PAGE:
School board breaks for concert

Winter Drumline performs a concert for board members and spectators during the Howard-Winneshiek Community School District board meeting on March 26. (Photo by Keri Bugenhagen)

By Marcie Klomp

Howard-Winneshiek School Board of Education and others at the March 26 meeting were given a respite from sitting when the Winter Drumline gave a short concert in the gym.

Director Sara Steffen, an aide at Cresco Elementary, asked to make the Drumline an official school activity. She explained, “We were asked to play at half-time at a couple of college games and we had to turn it down because the group is not official.”

She said there were nine students in the Winter Drumline. The group started with 16 but lost some because they were just practicing to practice. Not to compete. She stated band and music were good subjects. She had received a $2,000 scholarship because of band, which helped her get her degree. “I’m willing to volunteer my time.”

In other school business, Lynn McCormick spoke as head varsity boys basketball coach and asked the board not to cut the assistant coach position. He said, “There are 48 boys out in high school with 21 playing at the varsity level. It is hard to keep them involved in the program. We might have to cut players if we don’t have the assistant coach. Every other school in this area has a paid assistant coach.” He went on to say the assistant takes care of injuries at games and practices, which frees up the head coach to coach. He pointed out that his program also supports the boys in their academic life. “Ten of 19 juniors and seniors are in National Honor Society. Help us keep our quality program.”

• Todd Knobloch and Supt. Dianne Anderson met with the state fire marshal to see what steps needed to be taken to keep the district in compliance. Repairs and updates were suggested at all facilities—Elma, Lime Springs, Early Childhood Center, high school and elementary/junior high. A $200,000 fire system was suggested for the high school.

• After the last meeting, it was found that at least 20 students, including the two originally interested, would like to learn more about a trap shooting program at Crestwood.

• The board followed up on the Schwig Marketing Advertisement Screen that would be placed in the gym. Business Manager David Gaus explained, “It will be an asset of Schwig Marketing. The school district has no expense.” He went on to say the Athletic Booster Club still needed to approve the issue.

The company would sell the advertising and give back some money to the school until the screen was paid off in about three years. Then it would be a 50/50 proposition.

Scott Wiley, a member of the Booster Club, said, “If the school wants it, you can have it. If not, we’d [Booster Club] love to take it.” He advised the board to see how the program worked at New Hampton, where Schwig has an account.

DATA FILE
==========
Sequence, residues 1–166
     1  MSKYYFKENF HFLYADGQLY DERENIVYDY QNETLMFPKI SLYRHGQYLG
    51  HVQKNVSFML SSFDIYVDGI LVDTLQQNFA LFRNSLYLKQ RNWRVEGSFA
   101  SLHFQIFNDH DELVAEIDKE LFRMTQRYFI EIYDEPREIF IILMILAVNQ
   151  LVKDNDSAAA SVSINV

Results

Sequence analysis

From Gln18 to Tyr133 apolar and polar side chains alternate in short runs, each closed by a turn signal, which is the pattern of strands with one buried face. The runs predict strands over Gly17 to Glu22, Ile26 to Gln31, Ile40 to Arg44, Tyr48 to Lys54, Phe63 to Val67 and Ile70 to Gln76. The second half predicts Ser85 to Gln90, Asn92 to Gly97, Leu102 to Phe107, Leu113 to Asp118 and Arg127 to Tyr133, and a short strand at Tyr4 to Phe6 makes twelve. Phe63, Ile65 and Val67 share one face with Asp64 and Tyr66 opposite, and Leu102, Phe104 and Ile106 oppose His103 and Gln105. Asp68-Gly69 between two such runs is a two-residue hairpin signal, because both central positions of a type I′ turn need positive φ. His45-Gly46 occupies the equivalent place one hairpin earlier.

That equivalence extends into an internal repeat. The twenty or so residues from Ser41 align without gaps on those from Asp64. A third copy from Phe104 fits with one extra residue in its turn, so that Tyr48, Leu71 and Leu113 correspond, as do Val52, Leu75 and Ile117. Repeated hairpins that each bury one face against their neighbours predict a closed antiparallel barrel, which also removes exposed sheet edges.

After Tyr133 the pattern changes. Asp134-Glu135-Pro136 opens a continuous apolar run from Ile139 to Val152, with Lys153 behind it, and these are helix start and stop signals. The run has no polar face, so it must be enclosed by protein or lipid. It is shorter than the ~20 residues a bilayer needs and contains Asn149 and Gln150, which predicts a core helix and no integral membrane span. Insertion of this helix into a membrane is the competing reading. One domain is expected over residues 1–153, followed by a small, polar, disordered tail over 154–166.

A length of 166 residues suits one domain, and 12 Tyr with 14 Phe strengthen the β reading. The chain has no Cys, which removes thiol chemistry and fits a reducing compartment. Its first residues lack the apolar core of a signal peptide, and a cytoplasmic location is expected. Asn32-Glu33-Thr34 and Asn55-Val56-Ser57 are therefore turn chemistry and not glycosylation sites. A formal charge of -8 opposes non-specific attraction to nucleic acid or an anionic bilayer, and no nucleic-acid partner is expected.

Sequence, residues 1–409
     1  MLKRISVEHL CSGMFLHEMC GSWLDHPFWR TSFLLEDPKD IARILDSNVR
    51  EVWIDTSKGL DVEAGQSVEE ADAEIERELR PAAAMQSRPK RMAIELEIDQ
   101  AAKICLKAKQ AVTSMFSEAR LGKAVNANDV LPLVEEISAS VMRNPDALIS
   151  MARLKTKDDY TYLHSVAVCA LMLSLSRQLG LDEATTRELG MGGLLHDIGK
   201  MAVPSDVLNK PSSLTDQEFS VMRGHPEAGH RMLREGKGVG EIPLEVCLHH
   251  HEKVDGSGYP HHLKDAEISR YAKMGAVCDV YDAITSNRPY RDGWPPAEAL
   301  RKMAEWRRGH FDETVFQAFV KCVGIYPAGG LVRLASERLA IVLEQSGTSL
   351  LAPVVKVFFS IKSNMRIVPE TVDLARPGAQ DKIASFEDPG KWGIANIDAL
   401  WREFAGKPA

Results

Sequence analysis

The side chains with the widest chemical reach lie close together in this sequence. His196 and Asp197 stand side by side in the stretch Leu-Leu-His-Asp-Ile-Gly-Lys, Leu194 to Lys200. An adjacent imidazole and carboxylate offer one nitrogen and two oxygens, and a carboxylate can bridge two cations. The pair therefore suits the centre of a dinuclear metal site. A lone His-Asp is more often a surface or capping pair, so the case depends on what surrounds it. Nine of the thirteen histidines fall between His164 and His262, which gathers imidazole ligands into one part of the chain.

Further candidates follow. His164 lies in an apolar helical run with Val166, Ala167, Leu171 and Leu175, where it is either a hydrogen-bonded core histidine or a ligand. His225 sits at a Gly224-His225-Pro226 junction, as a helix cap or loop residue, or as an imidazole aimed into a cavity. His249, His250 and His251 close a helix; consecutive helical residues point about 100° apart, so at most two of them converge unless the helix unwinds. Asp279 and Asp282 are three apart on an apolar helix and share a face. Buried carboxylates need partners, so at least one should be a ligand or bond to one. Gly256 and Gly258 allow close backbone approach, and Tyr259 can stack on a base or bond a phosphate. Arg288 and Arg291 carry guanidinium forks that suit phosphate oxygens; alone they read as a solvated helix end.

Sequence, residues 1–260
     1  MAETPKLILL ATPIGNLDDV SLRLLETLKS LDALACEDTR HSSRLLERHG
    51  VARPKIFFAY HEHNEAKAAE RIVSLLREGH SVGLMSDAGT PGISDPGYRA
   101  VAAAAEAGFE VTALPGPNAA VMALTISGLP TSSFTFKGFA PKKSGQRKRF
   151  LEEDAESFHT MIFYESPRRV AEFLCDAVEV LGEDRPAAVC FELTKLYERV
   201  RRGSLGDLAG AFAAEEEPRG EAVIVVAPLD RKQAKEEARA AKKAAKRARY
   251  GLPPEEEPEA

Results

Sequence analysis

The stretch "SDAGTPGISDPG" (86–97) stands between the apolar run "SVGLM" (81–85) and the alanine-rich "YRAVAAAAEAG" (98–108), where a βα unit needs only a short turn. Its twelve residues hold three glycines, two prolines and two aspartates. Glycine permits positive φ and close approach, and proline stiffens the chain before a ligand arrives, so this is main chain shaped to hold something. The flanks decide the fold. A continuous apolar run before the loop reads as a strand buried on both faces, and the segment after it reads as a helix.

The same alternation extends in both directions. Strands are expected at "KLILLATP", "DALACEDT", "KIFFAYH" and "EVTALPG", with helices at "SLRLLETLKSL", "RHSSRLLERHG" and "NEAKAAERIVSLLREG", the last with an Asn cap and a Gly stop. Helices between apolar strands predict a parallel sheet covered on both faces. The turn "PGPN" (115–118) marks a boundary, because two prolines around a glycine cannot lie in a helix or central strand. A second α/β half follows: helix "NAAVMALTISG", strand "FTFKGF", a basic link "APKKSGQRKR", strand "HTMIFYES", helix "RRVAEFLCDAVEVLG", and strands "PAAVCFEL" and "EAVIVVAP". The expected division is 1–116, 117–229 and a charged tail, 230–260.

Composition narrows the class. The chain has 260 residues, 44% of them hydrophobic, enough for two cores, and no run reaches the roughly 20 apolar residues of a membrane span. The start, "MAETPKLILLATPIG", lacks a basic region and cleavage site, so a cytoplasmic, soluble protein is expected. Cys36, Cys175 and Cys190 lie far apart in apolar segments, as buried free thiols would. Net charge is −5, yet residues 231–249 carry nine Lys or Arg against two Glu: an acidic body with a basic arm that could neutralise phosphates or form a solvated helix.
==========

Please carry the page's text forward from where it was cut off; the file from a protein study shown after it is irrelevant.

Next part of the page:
Board member Duane Bodermann suggested, “Maybe we could have the kids do it. We could get a TV at Wal-Mart and have the kids run it . . . but then we’d have to sell ads.”

Talk went to having it be a “school” thing, where profits could go to the general fund for all kids. Wiley reminded the board that all money raised by the Booster Club goes back to the athletes because that is what the Athletic Boosters sponsor.

Gaus told the board the school district might not be able to own the equipment


because it would be making a profit, which is not legal according to the state of Iowa.

• Field trips were approved, including one for the VREP students. The group was not official until later in the meeting, but the trip was approved since it would not cost the district any money.

• The Clerical Agreement with the district was approved. Staff working one to seven years get a 20¢ increase and those working eight or more years get a 50¢ increase. The additional cost to the district was $30,079.35.

• Gaus reported to the board about money left in the 2009 bond. “We have to spend $604,000 by this fiscal year.” Suggestions he gave to the board included about $200,000 for two new buses; an air lock system in the K-8 building; update the HVAC system at the high school; and going forward with the one-to-one initiative.

Each item has a positive impact on the school by saving money for utilities or enticing students to come to H-W for the iPad.

• The board approved utilizing PMA Financial as the analyst of H-W finances.

• No actions were taken on hiring a facility analyst for the facility committee; hiring the Comprehensive School Improvement Assesment Analyst for the Student Environment and Success Committee; and Revising the Mission Statement.

• The board approved a new high school curriculum guide.

• The board approved the request to the Iowa Department of Education for a feasibility study. Bodermann asked if there was a charge and was told “no charge.” He said, “I approve.” Doug Berg reminded him the study would be required if the board was to close a building [meaning Elma Elementary which Bodermann represents]. Bodermann still approved it.

• The board approved requiring volunteers to pass a background check.

• The construction contract for Spring Ahead Learning Center in Lime Springs was approved by the attorney and in turn by the school board. It was to go to the USDA before the end of March for approval.

• Infloor radiant heat was approved for SALC. The cost had started out at $29,200, but after some research by the contractor, was reduced to $18,500.

• The next regular meeting of the school board will take place April 23 at Elma Elementary.



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